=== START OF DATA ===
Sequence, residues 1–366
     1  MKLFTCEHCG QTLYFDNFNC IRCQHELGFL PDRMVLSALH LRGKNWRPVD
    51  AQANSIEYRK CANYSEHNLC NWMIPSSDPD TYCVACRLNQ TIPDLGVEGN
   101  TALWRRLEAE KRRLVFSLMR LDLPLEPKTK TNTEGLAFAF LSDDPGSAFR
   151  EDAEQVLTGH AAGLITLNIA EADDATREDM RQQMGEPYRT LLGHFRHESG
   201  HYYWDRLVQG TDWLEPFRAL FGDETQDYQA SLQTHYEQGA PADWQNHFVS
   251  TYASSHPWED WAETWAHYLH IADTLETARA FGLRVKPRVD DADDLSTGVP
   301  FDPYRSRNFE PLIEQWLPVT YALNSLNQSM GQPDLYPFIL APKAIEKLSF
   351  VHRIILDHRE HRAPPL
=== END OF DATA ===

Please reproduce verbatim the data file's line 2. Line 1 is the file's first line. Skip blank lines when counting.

     1  MKLFTCEHCG QTLYFDNFNC IRCQHELGFL PDRMVLSALH LRGKNWRPVD